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Biosecurity reminder for upland gamebird farms

Situation update

Highly pathogenic avian influenza (HPAI) virus has been detected in a flock of commercial turkeys in South Carolina. This is a reminder that wild birds can carry both HPAI and low pathogenicity avian influenza viruses (LPAI) viruses that can become HPAI. To prevent infections:

Find infections early

Neurological signs in a young pheasant.
Look at your birds every day for signs of HPAI.
Upland gamebirds (pheasants, bobwhite quail and chukar partridges) can be infected with highly pathogenic avian influenza (HPAI). When they are infected they may show neurological signs like having twisted necks or difficulty walking. They may also have watery diarrhea, decreased egg production or suddenly die with no signs of illness. Make sure that the people who look at your birds daily (workers, yourself) are reminded of what this disease looks like and know to report to you what they see.

If you find 1-2 dead birds in a pen or enclosure two days in a row that you cannot explain, even if all the other birds look fine, first contact your veterinarian, then your state veterinarian office to find out what samples to collect and then your state’s NAHLN lab.

Prevent exposures

The current outbreak is in commercial poultry operations so, limit all links that your farm has or may have with commercial poultry. Some routes of potential exposure to avoid, are:

1. Garbage and off site dead bird movements may be ways that you are linked to commercial poultry operations.
      a. Manage garbage and dead birds on site
      b. Make sure that pickups are outside the perimeter of your farm and that you only visit the pickup site at the end of the day, never returning to the farm until you have showered and changed clothes.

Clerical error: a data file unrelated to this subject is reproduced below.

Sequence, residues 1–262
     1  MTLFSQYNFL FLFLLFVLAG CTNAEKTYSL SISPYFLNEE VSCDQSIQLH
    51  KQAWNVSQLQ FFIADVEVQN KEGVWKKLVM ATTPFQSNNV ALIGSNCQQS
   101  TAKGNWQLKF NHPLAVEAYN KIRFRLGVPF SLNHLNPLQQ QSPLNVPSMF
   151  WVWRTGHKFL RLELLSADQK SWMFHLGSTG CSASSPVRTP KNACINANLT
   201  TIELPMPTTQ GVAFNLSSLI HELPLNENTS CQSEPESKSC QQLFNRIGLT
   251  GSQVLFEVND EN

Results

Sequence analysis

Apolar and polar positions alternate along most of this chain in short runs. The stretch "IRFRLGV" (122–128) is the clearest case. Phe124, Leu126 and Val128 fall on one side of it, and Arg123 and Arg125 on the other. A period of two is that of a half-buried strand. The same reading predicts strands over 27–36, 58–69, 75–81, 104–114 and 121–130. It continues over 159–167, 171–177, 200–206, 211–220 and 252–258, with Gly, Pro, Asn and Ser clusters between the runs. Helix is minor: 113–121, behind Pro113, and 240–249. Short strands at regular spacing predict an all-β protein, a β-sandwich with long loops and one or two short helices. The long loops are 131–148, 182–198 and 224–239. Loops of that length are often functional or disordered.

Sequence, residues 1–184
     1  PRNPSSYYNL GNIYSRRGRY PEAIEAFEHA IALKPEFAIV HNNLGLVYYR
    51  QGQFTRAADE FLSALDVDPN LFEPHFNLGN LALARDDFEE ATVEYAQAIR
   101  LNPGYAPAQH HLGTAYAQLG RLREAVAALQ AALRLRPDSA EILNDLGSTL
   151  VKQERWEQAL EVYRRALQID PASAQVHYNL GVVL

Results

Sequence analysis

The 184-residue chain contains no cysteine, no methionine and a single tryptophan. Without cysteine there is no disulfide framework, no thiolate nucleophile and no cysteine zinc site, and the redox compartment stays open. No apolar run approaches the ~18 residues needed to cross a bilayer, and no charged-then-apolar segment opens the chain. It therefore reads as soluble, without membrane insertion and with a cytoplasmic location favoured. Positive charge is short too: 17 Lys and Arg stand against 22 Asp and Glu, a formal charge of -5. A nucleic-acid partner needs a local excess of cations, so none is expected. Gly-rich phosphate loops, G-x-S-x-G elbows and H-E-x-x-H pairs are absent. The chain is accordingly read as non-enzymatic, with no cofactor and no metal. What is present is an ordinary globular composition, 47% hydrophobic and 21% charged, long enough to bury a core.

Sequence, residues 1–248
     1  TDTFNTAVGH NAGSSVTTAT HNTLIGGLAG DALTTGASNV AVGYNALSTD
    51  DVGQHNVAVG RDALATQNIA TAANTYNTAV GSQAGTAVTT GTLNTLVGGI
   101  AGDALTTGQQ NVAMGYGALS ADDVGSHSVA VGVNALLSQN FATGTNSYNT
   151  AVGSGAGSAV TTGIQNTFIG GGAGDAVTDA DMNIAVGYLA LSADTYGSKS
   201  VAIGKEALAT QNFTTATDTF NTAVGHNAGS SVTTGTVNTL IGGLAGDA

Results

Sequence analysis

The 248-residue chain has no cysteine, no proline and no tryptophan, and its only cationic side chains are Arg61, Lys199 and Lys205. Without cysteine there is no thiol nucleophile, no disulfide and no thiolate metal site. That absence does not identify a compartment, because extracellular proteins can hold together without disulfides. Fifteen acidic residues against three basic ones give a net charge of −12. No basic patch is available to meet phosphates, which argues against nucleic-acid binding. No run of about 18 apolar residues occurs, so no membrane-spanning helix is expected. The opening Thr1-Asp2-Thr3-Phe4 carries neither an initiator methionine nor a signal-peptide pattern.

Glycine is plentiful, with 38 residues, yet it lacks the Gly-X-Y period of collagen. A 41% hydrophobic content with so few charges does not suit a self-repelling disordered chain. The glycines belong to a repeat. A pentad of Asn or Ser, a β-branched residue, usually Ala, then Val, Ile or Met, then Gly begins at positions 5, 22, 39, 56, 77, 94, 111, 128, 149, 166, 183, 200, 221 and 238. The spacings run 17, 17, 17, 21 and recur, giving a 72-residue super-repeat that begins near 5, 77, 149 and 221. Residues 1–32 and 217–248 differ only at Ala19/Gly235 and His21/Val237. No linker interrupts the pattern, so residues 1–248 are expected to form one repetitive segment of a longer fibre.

2. Line of separation. Follow safe entry and exit procedures into the pen or barn carefully. Spring weather can make Danish entry systems difficult because of mud, rain, wind and other shifting conditions. At the same time, puddles and other standing water may attract waterfowl to get even closer to barns. This is the time to really focus on safe barn entries.

3.  Sharing equipment or employees. You wouldn’t knowingly share equipment (such as lawn mowers or other yard maintenance tools) or employees with a commercial operation but if you rent equipment or use a service such as lawn mowing, you may be. Review what you do and discontinue or limit those connections.

4. Having the same visitors as commercial operations or interacting with commercial operators in your community. The social distancing we are all doing for the current COVID-19 outbreak is going to also help to prevent you from inadvertently being contaminated with HPAI virus that could make it back to your birds. Egg or chick deliveries to clients or to the post office may be ways that you could encounter people who work in the commercial industry. Be safe when you return to your farm, limit visitors and remind everyone who works on your farm about the safe procedures you have in place to prevent viruses from reaching your birds.


If you see something, say something. Remind everyone you talk to about their role in your farm’s biosecurity. Evaluate your risks, ask questions and participate in protecting your flocks!
List of NAHLN labs

List of State Animal Health Officials

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